If not for Andrew Neves’ electrifying kickoff return that gave Kaimuki a 27-22 win over Nanakuli Friday night, the buzz following the OIA Division II semifinal would have likely centered on Golden Hawks backup quarterback Brandon Sevelino and coach Keala Watson’s daring.
Sevelino, a senior listed on the roster as a wide receiver, had attempted just one pass this season when he took over behind center in place of starter Nainoa Banks, who was shaken up at the end of a tough fourth-quarter run.
His first pass attempt of the game went incomplete on fourth down and Kaimuki drove 71 yards for the go-ahead touchdown with 3:35 left.
A penalty on the ensuing kickoff pushed the Golden Hawks back to their 22 trailing 21-14. Sevelino then led Nanankuli on a 14-play drive, which he extended with an 8-yard completion on fourth-and-3 near midfield.
Two plays later he connected with Keanu Momoa on a 19-yard completion and Keliki Amaral-Palakiko made a tough catch over the middle for a 20-yard gain inside the Kaimuki 10.
After being dropped for a loss, two incomplete passes brought up another fourth down. Sevelino’s pass fell incomplete but a holding penalty on Kaimuki gave Nanakuli another shot. Sevelino then lofted a pass into the back corner to a waiting Isain Wong-Lonzanid for a touchdown.
Rather than kick the tying extra point, Watson elected to go for the lead and Sevelino came through again with a toss to Momoa to give Nanakuli a 22-21 lead with 13 seconds left.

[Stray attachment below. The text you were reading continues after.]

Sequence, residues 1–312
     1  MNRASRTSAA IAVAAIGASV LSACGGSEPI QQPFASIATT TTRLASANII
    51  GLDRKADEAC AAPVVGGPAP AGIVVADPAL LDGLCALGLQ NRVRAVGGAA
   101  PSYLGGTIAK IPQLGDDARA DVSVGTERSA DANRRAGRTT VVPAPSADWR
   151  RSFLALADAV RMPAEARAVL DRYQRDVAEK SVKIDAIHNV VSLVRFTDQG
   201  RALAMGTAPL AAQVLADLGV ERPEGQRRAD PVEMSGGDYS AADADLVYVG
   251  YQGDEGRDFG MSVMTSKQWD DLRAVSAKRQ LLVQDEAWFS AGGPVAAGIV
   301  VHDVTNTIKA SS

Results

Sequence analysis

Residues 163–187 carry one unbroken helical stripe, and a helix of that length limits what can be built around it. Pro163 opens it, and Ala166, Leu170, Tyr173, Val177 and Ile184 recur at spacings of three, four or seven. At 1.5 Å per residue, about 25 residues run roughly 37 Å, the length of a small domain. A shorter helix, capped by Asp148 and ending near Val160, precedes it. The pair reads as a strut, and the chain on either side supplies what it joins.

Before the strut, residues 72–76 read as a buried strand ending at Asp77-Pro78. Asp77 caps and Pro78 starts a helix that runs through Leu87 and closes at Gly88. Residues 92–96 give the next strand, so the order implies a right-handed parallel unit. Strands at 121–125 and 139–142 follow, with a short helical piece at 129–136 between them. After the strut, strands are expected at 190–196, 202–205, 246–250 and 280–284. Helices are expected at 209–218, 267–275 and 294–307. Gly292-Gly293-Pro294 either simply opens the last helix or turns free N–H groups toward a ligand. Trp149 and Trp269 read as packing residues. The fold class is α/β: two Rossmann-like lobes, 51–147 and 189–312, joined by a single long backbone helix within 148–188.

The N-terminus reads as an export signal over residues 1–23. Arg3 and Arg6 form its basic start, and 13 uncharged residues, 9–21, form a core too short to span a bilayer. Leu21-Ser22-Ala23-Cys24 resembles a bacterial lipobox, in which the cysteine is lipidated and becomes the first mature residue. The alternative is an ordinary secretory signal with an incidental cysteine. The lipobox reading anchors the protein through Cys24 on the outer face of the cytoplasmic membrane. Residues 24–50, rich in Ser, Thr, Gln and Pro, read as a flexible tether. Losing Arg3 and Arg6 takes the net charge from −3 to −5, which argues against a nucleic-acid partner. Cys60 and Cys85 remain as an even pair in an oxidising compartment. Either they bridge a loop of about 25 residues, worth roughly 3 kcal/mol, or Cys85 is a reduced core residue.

That alone would have made for a finish to be remembered for seasons to come. But the game elevated to into lore when Neves returned the ensuing kickoff for the game-winning touchdown as time expired.
The outcome left Golden Hawks, the defending OIA D-II champions, to absorb a stunning end to the season and ponder what might have been after going 7-3 and ranking among the OIA Division II’s most successful programs in recent years.
As their slogan goes, the Golden Hawks defended the valley, giving up yardage but holding strong to allow just one touchdown to the Kaimuki offense. But six turnovers, including two leading directly to Kaimuki touchdowns, and the last gasp kick return proved to be the difference.
“Nothing but respect for these guys,” Kaimuki coach David Tautofi said of the Golden Hawks, “because we want to be where these guys were, and how these guys changed a community.”